Table 2. Gairaigo proportions for Book 1 in the textbook series (Zero-beginner to elementary levels)

Table 3. Gairaigo proportions for Book 2 in the textbook series (Intermediate – advanced levels)

Table 4. Gairaigo proportions found in the vocabulary lists for Levels 1-4 of Content Specifications for the JLPT.

From the above figures, it can be seen that the proportion of gairaigo decreased as the textbooks moved from the zero beginner level to subsequent volumes of the same series. This trend is apparent in all three Japanese language textbook series. A similar trend was found in Igarashi’s study which measured the ratio of katakana words in textbooks used in Canada.55 Although Igarashi measured katakana words, not gairaigo words specifically, the general trend in the data is still meaningful given that the majority of katakana words are gairaigo.56 However, Igarashi does not provide evidence to explain why the number of katakana words decrease as the learner’s level increases.

Based on the textbook results, it appears that there are two factors which determine the proportion of gairaigo found in textbooks. The most influential factor determining the proportion of gairaigo is the learner level to which the textbook is aimed. The second most influential factor is the teaching approach of the textbook.

Situational Functional Japanese is a textbook series which is communicatively oriented. This is also the textbook series which used the highest proportion of gairaigo overall in comparison to the other textbook series. As explained in the literature review, gairaigo is useful for communication, and as a result, it would not be surprising to find a higher proportion of gairaigo in a textbook using such an approach. Japanese for Busy People I was found to contain the lowest number of gairaigo proportions in comparison to the introductory texts of the other textbook series. The Japanese for Busy People textbook series appears to encourage a teaching style which is based on a behaviourist approach to language teaching. The note to users at the start of the textbook suggests certain behaviours which are characteristic to this approach, such as memorisation’ and repetition of sentence patterns’.57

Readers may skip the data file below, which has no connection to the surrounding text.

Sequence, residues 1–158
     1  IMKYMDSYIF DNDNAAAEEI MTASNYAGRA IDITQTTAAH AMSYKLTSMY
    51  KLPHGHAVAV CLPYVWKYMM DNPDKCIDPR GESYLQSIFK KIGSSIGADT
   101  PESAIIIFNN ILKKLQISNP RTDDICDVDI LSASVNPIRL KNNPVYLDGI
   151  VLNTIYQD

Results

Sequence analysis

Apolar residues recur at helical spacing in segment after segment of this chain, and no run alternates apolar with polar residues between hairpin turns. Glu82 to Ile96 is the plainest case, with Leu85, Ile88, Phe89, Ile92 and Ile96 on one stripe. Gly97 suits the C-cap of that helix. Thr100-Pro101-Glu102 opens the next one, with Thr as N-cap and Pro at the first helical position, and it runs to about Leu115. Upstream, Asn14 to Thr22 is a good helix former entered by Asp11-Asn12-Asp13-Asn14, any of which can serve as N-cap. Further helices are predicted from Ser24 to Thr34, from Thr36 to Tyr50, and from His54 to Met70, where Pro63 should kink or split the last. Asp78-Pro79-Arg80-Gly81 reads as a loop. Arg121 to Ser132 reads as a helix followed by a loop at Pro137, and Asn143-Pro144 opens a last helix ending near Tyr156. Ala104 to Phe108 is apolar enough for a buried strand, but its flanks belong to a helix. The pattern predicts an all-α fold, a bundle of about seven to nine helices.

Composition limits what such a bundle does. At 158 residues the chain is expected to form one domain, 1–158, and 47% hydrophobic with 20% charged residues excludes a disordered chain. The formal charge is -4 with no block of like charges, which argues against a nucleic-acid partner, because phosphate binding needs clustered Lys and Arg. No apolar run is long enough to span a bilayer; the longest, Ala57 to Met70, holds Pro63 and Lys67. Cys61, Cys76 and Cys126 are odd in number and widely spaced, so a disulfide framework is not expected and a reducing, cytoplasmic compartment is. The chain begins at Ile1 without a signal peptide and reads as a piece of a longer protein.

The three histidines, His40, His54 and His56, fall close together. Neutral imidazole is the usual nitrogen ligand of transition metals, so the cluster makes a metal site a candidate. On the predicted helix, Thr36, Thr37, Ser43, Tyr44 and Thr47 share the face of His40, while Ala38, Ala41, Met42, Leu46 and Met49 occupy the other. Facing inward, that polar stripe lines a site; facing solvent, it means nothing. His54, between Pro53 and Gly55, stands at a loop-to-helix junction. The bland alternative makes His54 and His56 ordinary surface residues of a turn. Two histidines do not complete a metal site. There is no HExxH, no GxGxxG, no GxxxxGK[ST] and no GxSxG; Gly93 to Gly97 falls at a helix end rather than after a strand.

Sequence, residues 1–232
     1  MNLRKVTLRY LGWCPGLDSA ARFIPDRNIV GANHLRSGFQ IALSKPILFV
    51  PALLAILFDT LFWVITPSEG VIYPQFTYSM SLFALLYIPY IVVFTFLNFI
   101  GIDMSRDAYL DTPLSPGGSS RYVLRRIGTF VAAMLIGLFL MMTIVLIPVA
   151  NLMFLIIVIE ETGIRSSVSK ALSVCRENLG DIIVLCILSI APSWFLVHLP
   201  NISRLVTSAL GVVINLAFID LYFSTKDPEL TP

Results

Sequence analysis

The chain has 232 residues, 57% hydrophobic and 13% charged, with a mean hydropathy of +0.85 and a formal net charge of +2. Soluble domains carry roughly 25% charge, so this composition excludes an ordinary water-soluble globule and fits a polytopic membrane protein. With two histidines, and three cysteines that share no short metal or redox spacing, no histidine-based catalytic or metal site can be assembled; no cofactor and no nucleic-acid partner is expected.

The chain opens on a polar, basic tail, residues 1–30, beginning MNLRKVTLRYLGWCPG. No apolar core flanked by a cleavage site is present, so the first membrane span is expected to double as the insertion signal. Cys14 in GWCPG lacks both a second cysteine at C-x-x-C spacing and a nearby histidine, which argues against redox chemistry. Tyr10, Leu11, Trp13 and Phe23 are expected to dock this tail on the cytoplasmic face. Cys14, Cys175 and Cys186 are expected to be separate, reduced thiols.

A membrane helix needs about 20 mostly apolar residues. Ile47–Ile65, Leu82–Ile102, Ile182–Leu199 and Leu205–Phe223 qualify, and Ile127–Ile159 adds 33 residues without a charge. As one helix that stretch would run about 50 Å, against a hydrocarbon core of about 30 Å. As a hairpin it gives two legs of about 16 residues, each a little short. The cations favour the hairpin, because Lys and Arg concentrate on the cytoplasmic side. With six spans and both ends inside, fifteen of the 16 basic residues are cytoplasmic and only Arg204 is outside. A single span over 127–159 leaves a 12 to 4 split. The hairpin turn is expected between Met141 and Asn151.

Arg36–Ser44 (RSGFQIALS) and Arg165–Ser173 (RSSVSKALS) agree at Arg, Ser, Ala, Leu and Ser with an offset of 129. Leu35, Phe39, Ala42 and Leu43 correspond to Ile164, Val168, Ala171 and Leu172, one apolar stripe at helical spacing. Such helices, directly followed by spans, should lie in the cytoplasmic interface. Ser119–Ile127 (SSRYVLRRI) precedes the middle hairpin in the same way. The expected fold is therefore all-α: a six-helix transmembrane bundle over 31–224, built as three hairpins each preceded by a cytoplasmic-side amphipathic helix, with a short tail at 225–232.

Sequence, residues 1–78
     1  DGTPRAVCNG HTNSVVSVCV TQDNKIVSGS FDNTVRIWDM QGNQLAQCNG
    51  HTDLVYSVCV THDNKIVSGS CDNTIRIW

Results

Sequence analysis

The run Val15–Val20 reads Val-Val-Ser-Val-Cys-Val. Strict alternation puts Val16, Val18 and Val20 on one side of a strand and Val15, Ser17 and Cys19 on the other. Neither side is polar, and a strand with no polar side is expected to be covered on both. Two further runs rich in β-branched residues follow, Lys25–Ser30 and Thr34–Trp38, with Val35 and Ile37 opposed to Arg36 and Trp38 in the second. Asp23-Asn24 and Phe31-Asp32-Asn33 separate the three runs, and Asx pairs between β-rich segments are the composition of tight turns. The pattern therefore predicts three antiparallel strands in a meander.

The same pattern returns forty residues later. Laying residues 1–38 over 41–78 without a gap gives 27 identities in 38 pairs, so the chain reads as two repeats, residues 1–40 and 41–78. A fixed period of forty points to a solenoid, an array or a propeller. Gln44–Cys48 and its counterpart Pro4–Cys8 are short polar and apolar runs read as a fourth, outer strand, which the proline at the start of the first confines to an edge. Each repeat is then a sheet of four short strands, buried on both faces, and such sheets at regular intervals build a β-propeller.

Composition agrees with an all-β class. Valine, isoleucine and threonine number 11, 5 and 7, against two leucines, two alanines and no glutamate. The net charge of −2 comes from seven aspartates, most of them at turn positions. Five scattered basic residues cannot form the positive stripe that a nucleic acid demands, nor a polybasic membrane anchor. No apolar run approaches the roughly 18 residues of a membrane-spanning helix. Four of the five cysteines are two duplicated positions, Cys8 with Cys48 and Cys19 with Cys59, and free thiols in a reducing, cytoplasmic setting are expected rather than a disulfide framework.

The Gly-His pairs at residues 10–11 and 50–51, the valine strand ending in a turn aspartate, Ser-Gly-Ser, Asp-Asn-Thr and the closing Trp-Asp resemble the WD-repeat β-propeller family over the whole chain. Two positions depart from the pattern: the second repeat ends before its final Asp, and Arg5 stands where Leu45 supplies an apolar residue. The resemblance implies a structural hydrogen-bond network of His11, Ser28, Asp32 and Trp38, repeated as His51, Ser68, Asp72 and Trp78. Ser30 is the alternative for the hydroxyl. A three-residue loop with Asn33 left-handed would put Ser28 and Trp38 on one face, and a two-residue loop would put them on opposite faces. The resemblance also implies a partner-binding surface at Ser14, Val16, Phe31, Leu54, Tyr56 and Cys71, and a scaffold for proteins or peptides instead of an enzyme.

The topic content of a textbook could significantly influence the number of gairaigo introduced. However, as it is impossible to control this factor (i.e. to find different textbook series which cover the same topics to the same extent), the results of the textbook analysis conducted in the current study  are compared with the proportions of gairaigo in the vocabulary lists of the JLPT Test Content Specifications (出題基準; shutsudai kijun). By referring to the results in Table 4, one can see that the analysis of the proportions of gairaigo to total nouns in the JLPT vocabulary lists confirmed the textbook results. Similar to trends shown in the textbooks, there is a decrease in gairaigo proportions with the increasing proficiency of the student between Levels 4 and 3, with gairaigo proportions  decreasing from 15.8% (Level 4) to 6.5% (Level 3). This is a significant drop which clearly demonstrates different usages of gairago according to the learning level of the student.

The change in gairaigo proportions as proficiency increases between Levels 3 and 2 needs explanation. This change is due to the different learning goals of the students and the different sources from which the vocabulary lists of the JLPT tests for these levels are derived. The purpose for Levels 4 and 3 of the JLPT is to measure learning achievement and the vocabulary lists are based upon vocabulary found in 11 different textbooks. Meanwhile, in Levels 2 and 1, the focus of the test is to measure the general proficiency of the learner rather than their level of achievement. Consequently, the vocabulary lists are drawn from the 11 textbooks in addition to outside sources which use everyday Japanese vocabulary. This can change, as the proportions of gairaigo for these lists are 10.6% and 10.2%, which is very similar to the average percentage of gairaigo found in the Japanese lexicon (10 per cent).58